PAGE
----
Filing For An Annulment Of Marriage

An annulment is the process of dissolving a marriage as if it never existed in the first place. This is unlike a divorce which recognizes the existence of the marriage and takes into account factors such as property that was accumulated during the marriage, children from the marriage, etc. This resource is found at https://www.nevadadivorce.us/nevada-annulment.

There are certain factors that need to be taken into consideration when filing for an annulment:

1. Grounds For Annulment

There are a number of different grounds for annulment.

Fraud. If either party is already married or has misrepresented themselves in a way that would affect the state of the marriage, they can apply for an annulment.
– Non-consummation. If a party is impotent or infertile, this can be grounds for an annulment.
– If either party is underage.
– If the marriage was under duress.
– If either or both parties were intoxicated when the marriage took place.
– If either party does not have the mental capacity to make decisions for themselves.
– Parties are too closely related to be legally married.

It is rare that an annulment will be granted for any other reason. In most cases, both parties agree to file for an annulment. Where there is a disagreement between parties, a hearing will be scheduled in order to determine whether there are grounds for annulment.

2. When To File For An Annulment

In some states, an annulment will only be granted if the marriage took place within a few days (72 hours) of a marriage license being issued. It is also necessary to file for a Petition To Grant Annulment within 30 days of the marriage although this period may vary slightly from state to state. It is very rare for annulments to be granted if they do not meet with the time requirements for filing.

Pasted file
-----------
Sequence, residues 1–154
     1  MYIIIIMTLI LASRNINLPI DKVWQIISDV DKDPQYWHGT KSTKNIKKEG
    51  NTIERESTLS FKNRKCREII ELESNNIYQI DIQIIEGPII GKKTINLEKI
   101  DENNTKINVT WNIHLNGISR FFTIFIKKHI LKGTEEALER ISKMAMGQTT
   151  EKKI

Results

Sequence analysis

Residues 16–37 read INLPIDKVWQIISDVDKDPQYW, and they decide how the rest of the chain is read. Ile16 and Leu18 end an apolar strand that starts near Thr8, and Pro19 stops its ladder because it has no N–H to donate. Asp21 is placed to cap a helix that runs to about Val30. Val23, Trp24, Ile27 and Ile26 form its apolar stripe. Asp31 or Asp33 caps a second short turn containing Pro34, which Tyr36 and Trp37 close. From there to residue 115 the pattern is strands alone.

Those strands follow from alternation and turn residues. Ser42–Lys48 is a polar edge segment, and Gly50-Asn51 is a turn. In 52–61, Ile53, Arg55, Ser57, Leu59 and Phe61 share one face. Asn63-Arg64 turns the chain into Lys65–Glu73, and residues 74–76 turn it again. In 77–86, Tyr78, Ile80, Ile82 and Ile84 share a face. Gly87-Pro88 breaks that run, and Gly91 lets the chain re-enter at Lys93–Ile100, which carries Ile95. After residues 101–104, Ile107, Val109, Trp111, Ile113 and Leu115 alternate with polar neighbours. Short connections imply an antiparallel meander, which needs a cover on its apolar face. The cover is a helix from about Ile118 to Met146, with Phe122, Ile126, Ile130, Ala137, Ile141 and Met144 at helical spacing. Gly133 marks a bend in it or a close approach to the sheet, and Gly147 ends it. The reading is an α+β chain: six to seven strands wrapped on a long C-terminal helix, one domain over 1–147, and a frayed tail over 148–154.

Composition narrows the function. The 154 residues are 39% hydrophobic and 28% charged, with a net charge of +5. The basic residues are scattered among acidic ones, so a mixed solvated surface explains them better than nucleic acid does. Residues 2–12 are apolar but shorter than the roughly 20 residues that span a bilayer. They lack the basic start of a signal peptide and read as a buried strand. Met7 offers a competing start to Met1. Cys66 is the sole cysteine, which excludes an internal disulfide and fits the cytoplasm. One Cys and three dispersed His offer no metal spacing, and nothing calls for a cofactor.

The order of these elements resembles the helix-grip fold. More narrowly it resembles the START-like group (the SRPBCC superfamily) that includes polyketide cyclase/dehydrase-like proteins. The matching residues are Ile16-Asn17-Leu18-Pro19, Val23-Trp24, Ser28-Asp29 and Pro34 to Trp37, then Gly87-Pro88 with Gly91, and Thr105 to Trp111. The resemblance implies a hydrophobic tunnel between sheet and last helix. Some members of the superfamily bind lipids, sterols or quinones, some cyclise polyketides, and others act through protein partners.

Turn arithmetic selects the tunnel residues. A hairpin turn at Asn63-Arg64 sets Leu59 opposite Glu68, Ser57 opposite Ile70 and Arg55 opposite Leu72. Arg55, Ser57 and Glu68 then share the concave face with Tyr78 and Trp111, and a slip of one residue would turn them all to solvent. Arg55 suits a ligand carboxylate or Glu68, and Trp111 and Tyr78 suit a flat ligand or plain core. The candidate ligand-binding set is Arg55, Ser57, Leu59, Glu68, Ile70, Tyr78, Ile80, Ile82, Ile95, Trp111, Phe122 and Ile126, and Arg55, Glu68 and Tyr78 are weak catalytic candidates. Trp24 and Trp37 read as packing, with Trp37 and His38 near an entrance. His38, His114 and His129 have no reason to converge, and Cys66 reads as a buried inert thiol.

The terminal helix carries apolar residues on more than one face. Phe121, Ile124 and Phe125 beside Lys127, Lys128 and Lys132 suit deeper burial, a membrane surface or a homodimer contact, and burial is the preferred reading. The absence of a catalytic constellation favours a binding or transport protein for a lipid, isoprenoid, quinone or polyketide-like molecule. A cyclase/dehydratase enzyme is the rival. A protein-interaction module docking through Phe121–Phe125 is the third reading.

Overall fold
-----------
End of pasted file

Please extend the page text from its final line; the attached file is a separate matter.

3. Where To File

You can file for an annulment at your local county court house or in Probate and Family Court. In other words, you must live in the county where you are filing for an annulment. However, if your spouse is still living in the county where you resided together while married, the documents should be filed at that county court.

4. Do You Need An Attorney?

You do not need an attorney in order to file for an annulment. However, if there is any doubt as to the grounds of annulment or the time period for filing has elapsed, it may be a good idea to get advice from an attorney as well as legal representation to help present your case to the court.

5. Children

Although it is rare, children may have been born from the marriage or adopted. In this case, an annulment must be accompanied by a Suit Affecting the Parent-Child Relationship. This document will determine child custody, support, visitation and any other issues surrounding minors involved in the marriage.

In the event that an annulment is not granted by the court, there are two options available – divorce or to declare a marriage void. Both these options also have requirements that must be met in order to be granted by a court.